The article reports results from the largest international dose survey in paediatric computed tomography (CT) in 32 countries and proposes international diagnostic reference levels (DRLs) in terms of computed tomography dose index (CTDI vol) and dose length product (DLP). It also assesses whether mean or median values of individual facilities should be used. A total of 6115 individual patient data were recorded among four age groups: <1 y, >1-5 y, >5-10 y and >10-15 y. CTDIw, CTDI vol and DLP from the CT console were recorded in dedicated forms together with patient data and technical parameters. Statistical analysis was performed, and international DRLs were established at rounded 75th percentile values of distribution of median values from all CT facilities. The study presents evidence in favour of using median rather than mean of patient dose indices as the representative of typical local dose in a facility, and for establishing DRLs as third quartile of median values. International DRLs were established for paediatric CT examinations for routine head, chest and abdomen in the four age groups. DRLs for CTDI vol are similar to the reference values from other published reports, with some differences for chest and abdomen CT. Higher variations were observed between DLP values, based on a survey of whole multi-phase exams. It may be noted that other studies in literature were based on single phase only. DRLs reported in this article can be used in countries without sufficient medical physics support to identify non-optimised practice. Recommendations to improve the accuracy and importance of future surveys are provided.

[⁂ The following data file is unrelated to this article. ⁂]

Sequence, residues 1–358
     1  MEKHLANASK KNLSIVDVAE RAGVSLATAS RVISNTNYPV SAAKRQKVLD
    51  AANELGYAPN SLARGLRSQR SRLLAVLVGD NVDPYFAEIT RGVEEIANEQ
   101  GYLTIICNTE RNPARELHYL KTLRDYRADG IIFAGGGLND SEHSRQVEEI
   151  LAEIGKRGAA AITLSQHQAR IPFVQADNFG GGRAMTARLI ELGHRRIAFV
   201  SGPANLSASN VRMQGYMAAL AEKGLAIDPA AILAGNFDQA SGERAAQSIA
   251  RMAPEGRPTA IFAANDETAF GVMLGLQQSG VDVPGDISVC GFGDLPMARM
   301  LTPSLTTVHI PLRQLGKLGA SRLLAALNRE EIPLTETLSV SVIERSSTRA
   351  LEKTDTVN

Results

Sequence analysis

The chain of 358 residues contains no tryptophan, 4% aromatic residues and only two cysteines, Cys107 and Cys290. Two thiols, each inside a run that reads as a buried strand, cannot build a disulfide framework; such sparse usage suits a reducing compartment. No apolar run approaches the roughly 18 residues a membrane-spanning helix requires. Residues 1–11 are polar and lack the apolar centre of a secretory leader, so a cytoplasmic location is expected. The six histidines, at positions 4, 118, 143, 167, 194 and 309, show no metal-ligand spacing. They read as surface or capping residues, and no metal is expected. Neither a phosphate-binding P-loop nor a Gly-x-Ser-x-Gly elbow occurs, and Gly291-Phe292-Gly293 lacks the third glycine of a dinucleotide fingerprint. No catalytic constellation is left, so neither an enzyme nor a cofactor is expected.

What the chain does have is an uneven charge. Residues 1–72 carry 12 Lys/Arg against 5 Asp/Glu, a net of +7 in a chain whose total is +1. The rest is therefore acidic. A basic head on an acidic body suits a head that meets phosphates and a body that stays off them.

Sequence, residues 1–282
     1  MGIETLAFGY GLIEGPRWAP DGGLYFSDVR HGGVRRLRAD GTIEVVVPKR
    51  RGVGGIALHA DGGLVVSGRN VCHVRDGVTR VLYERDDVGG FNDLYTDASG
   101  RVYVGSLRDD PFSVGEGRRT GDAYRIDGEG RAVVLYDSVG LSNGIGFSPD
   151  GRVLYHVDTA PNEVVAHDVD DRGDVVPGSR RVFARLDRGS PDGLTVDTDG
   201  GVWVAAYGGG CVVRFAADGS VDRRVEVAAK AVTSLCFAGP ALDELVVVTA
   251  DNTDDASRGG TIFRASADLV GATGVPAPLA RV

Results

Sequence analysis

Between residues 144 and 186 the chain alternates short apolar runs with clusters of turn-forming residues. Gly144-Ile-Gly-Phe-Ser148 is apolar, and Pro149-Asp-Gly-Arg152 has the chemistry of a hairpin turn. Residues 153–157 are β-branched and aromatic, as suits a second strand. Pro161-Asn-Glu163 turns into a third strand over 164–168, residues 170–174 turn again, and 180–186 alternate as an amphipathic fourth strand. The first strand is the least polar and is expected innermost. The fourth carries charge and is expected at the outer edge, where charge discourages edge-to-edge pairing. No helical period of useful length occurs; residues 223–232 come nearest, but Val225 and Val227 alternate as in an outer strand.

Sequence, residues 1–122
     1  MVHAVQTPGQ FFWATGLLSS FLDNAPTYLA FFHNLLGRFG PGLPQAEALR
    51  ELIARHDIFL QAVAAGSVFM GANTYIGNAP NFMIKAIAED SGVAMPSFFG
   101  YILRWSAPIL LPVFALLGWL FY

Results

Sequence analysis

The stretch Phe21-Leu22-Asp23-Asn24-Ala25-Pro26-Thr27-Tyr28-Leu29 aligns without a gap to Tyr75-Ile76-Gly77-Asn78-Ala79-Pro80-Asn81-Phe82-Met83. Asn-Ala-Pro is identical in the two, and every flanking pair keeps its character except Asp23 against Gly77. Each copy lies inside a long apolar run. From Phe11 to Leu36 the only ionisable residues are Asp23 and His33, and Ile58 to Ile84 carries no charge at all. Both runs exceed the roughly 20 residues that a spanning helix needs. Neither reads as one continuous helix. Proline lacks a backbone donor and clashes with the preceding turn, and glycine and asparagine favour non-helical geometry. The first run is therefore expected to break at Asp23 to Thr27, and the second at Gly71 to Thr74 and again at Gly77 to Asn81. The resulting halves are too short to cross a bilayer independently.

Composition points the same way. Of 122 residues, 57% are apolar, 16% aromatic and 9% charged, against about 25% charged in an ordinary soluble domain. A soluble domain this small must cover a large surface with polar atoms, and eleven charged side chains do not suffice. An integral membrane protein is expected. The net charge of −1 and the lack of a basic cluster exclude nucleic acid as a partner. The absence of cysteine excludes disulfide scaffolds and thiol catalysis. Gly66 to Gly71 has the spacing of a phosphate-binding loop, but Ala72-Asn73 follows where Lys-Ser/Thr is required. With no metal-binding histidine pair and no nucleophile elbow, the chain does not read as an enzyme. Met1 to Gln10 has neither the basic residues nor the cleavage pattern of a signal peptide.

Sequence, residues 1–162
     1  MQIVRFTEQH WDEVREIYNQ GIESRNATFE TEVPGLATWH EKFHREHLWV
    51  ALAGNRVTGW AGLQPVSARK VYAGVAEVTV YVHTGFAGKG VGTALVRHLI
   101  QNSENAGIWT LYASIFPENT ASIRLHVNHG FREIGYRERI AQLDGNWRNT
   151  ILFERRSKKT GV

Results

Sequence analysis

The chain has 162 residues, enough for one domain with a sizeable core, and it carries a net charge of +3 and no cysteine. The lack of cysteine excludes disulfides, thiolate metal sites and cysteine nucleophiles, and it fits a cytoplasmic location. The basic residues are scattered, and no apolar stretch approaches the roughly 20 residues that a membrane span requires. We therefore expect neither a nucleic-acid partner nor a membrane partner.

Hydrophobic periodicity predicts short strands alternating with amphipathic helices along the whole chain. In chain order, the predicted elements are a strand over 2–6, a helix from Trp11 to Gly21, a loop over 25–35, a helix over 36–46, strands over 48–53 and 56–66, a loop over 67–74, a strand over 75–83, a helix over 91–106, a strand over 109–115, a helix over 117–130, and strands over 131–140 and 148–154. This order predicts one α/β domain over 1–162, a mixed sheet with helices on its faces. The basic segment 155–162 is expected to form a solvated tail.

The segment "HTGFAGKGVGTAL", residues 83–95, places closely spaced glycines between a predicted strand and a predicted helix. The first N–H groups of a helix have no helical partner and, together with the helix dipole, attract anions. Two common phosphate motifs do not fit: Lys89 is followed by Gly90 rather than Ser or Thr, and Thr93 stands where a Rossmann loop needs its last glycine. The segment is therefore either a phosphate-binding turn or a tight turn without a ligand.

Mianji F.A.,Nuclear Science and Technology Research Institute, Iran |
Diba J.K.,Iranian Nuclear Regulatory Authority |
Kardan M.R.,Nuclear Science and Technology Research Institute, Iran
Nuclear Technology and Radiation Protection | Year: 2013
A method for exploiting human's internal contamination data for radioactive release estimation in nuclear power plant accidents is proposed. Nevertheless, such data is often very rough and uncertain; it is accessible even in toughest situations when most of the active and passive monitors are damaged by the accident. These data can be used in combination with other collectable data for estimating the event scale in severe nuclear power plan accidents. The rationale behind the method is that nuclear power plant accidents are often associated with internal contamination of radiation workers involved in the early stages of emergency response activities mainly due to the release of 131I in atmosphere. The proposed inverse analytical approach uses the 131I intake of contaminated workers, their working conditions, chronology of events, and applied personal safety measures during the first hours or days of the emergency response activities to estimate the magnitude of 131I concentration in the air.